"My Cane and Me"
A stuffed gymnasium housed the hundreds of graduates from the University of Michigan-Dearborn. On the sides of the seated students donning navy robes and colored ribbons determined by their field of study were family members and friends. The student speaker that day in April 2007 focused her inspirational speech on a fellow graduate, me. She described how I’d overcome enormous challenges to achieve a Bachelors Degree with high honors.
Rewind to a scene with the ‘fellow graduate’ about five years earlier:
“Amy, I think you should try walking with a cane,” advised my physical therapist.
“Walk a lap around the room and see how you do.”
Neurotoxicity on my brain stem resulting from nearly a decade of cancer treatments (two unrelated bone marrow transplants, chemotherapy, radiation, and a host of complications and medications) for Acute Promyelocytic Leukemia caused my steps to become imbalanced. An obvious need for walking assistance didn’t include hanging on to the end of my Mom’s shirt.
“No, I don’t need one of those things,” I responded.
I shuddered at the mere thought of using the device. Walking with a cane has a stigma attached to it, thus, I firmly rejected the idea.
I was sure the society I lived in shunned individuals who couldn’t take a single step without wobbling. I feared people would view me as useless and stupid. My extremely limited exposure caused me to think that canes were only for small and frail, stooped, older people. No way was I about to align myself near that category.
Eventually I agreed to try the cane. Each step was surprisingly easier with the despised metal stick by my side, although I hated to admit it.
Fast forward to my name being called at graduation:
The noise of a standing ovation boomed throughout the room as I walked across the stage to accept my diploma. My cane was in its usual spot on the left side of my body as I triumphantly thrust my left arm into the air. Unlike my initial response, I’ve grown to fully accept the cane that accompanied me as I took my final steps toward ending my college education.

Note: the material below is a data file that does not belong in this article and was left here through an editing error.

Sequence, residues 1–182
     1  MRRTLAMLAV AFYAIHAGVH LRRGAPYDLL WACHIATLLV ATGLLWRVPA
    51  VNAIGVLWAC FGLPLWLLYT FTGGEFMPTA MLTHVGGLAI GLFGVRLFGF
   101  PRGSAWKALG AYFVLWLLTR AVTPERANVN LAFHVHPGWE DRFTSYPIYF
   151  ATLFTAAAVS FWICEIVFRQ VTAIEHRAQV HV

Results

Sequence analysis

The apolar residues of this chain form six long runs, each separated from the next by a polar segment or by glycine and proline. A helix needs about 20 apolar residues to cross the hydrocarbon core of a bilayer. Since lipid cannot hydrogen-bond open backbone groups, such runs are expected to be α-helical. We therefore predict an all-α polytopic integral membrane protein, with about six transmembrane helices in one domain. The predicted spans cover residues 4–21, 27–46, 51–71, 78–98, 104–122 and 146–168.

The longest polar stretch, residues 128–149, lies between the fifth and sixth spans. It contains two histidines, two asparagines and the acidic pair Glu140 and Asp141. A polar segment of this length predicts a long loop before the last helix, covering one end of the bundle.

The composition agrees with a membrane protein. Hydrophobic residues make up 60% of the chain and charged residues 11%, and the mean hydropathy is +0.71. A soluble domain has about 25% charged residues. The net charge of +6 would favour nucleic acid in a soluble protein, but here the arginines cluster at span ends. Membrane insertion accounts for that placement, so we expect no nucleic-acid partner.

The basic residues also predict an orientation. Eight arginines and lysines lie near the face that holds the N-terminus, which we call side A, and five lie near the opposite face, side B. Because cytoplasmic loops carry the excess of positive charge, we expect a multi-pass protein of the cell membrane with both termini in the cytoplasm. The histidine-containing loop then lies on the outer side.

I never would have guessed that I would like an ever-present metal stick by my side. I appreciate little features like the grey spongy gripper around the handle that prevents my left hand from developing calluses on three fingers. I realize that people’s behavior mirrors how I felt before I began using a cane: uneasiness, curiosity, but most of all, fear of the unknown. I feel I have a responsibility to answer questions concerning my method of movement by the few people who dare to ask.
Piercing eyes of gawkers often subside and relax upon observing my ease at my situation. Every day I comfortably travel with the shiny silver stick that sits on a rectangular metallic base.
In addition to helping me walk, over the years the cane has served various purposes. My cane often disappears whenever I visit the home of my sister, brother-in-law, and their growing family. The short thin cane doubles as a microphone for my preschool age nephews to belt out the latest Jonas Brothers’ songs. Watching them perform and sing into the pretend microphone makes me laugh as I’m usually invited to join an impromptu concert.
Another convenient function is the hat rack the cane makes when my bald head longs for fresh air. The lengthy arm of the cane can also hook and conveniently drag faraway objects into reach. My silent reliable rod reminds me life doesn’t need to move full speed ahead. Rather, life is more enjoyable with the calmness and peacefulness a slower pace brings. I am grateful to have learned the lesson as a young person that life is valuable when people live confidently by any (mobility) means necessary.
I heard a man, probably in his thirties, grumble in the dentist office to another man. Kids were treating him disrespectfully because of his cane. Hopefully people like him and people without canes can read this article and have a positive attitude towards canes. The useful device can double as a rockin’ makeshift microphone, portable hat rack, always available arm-extender, but above all else, cane.
Amy Barta is a 26-year-old survivor of Acute Promyelocytic Leukemia. Her battle against cancer from ages 13 through 21 included four relapses, two unrelated bone marrow transplants, chemotherapy, radiation, kidney dialysis, an investigational drug Arsenic, brain surgery and many complications. Amy graduated from the University of Michigan-Dearborn with a bachelor’s degree in Communications and minors in Psychology and Linguistics.
She competed against nearly 5,000 students worldwide as a high school senior to be chosen as a recipient of Guideposts magazine’s Young Writers Grace Award in June 2002. Amy won first place in the University of Michigan-Dearborn’s 2007 Creative Writing Contest with her short story called Legally Bald & Sentenced to Live. SpeciaLiving magazine featured one of her articles in their winter 2008 issue. She worked with the University of Michigan Mott Children’s Hospital to publish a book of poetry written during her cancer treatment. Amy is confident her writings can encourage, relate to, and offer hope and humor to people in the most important fight of their lives.